If your like me you might not get all the videos, to watch but at least you can get the PPTX’s to review while your flying home.

Happy travels everyone


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In-place Upgrade to Server 2012

So yesterday I got my hands on a copy of: Windows Server 2012 Datacenter RTM. So I got home and updated my Network at the house. I logged into my DC (Server 2008 R2) and did a upgrade obviously just as with other versions you need to run the:

adprep.exe /forestprep

adprep.exe /domainprep

Once you run the preps above, you should be good to go with the upgrade of your domain controller.

You can follow the steps below in this: short video:

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Transfer Server Roles (from 2008 x64 to 2008 R2)

Got a call today from a customer that wanted to phase out a old server. Threes a physical box that’s old as dirt. So they have a virtual setup and i built a domain controller on it and joined it to the domain…

There is a video below but i will roughly go through the steps…

I loaded the ISO of Server 2008 R2 as CD/DVD

Existing Server (Server 2008 X64)

  • Open CMD Prompt
  • C:\Users\Administrator>d:\support\adprep\adprep.exe /forestprep
    • This will prepare the forest
  • C:\Users\Administrator>d:\support\adprep\adprep.exe /domainprep
    • This will prep the Domain

New Server (Server 2008 R2)

  • Built a server 2008 R2
  • Joined it to the domain
  • Promoted the Server to a DC (ran dcpromo)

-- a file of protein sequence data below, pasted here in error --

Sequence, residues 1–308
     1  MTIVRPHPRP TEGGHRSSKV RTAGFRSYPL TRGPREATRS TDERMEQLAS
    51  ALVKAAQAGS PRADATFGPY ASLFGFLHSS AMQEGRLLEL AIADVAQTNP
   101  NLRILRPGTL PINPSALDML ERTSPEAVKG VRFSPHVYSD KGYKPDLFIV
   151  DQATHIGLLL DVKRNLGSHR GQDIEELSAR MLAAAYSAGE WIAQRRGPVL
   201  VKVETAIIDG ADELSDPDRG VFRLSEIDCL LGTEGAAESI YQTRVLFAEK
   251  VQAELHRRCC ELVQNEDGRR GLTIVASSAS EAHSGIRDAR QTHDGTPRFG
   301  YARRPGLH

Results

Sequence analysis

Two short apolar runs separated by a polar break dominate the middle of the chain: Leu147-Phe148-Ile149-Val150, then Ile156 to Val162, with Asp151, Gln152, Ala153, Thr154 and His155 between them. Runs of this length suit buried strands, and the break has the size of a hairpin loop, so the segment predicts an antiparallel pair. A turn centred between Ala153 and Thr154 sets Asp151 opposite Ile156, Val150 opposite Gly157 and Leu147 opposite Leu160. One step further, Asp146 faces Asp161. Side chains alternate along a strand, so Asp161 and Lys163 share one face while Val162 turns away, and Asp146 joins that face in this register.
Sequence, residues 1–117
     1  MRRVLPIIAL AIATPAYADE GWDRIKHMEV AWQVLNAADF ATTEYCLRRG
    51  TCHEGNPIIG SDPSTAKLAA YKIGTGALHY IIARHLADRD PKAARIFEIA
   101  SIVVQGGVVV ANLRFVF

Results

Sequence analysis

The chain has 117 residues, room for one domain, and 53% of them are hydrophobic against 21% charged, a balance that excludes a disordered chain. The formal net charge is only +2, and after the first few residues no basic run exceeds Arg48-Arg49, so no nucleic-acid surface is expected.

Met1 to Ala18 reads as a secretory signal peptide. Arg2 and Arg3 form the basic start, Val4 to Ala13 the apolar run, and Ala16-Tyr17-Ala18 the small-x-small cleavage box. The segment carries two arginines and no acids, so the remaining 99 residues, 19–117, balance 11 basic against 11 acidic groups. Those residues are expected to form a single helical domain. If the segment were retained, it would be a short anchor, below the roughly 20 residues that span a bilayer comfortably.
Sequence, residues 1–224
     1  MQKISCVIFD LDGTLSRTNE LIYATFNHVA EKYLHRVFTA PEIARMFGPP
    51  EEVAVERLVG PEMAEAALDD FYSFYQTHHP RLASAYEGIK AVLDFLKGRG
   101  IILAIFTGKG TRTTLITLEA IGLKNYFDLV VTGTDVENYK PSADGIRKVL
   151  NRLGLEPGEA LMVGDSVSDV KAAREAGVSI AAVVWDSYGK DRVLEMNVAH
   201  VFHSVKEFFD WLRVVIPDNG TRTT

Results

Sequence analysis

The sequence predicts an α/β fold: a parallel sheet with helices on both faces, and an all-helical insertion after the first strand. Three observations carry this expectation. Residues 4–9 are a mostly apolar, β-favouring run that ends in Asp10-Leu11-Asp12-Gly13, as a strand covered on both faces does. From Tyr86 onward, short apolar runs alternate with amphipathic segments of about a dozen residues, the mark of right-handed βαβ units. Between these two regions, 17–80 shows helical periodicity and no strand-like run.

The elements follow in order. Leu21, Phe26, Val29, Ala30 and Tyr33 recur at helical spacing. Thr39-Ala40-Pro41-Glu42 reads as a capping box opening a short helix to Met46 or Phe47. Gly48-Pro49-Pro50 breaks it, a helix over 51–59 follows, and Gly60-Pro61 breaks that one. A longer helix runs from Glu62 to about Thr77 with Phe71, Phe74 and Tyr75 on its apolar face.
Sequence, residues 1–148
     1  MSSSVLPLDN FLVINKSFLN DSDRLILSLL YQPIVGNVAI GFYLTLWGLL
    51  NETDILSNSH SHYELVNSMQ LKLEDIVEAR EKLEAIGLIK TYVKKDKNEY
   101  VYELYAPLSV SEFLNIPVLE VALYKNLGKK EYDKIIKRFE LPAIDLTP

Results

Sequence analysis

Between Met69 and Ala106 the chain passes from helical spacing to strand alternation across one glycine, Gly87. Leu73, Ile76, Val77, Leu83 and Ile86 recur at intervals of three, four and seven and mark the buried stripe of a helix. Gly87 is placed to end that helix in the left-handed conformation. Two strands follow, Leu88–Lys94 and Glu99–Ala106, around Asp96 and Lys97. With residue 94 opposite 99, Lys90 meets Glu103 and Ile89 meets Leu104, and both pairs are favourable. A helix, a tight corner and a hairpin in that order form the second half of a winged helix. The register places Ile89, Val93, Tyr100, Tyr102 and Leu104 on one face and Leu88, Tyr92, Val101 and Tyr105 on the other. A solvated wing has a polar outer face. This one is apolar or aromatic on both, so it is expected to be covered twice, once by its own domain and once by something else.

• DNS
    • Global Catalog

Transferring the roles (perform these on the 2008 R2 Server)

  1. Open CMD Prompt (type the following commands)
    1. regsvr32 schmmgmt.dll
    2. ntdsutil
    3. roles
    4. connections
    5. connect to server DC02
    6. q
    7. ?
    8. transfer role
    9. Transfer infrastructure master
    10. Transfer naming master
    11. Transfer PDC
    12. Transfer RID master
    13. Transfer schema master
    14. exit
    15. netdom query /domain:contoso fsmo

Notes: (

The Active Directory Installation Wizard (Dcpromo.exe) assigns all 5 FSMO roles to the first domain controller in the forest root domain.

We recommend that you transfer FSMO roles in the following scenarios:

  • The current role holder is operational and can be accessed on the network by the new FSMO owner.
  • You are gracefully demoting a domain controller that currently owns FSMO roles that you want to assign to a specific domain controller in your Active Directory forest.
  • The domain controller that currently owns FSMO roles is being taken offline for scheduled maintenance and you need specific FSMO roles to be assigned to a “live” domain controller. This may be required to perform operations that connect to the FSMO owner. This would be especially true for the PDC Emulator role but less true for the RID master role, the Domain naming master role and the Schema master roles.


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Who’s the Primary (Find the Primary DC)


If you have a environment with a lot of Domain Controller’s are just want to know which one is the primary…

You can run the below command to find who’s the primary dc

nltest /dclist: danny.local

this command will list all DC’s in a environment and accent the Primary DC with [PDC] as you can see from the cmd line below.


nltest /dcname: danny

the below command will list only the primary domain controller for the domain you list after dcname: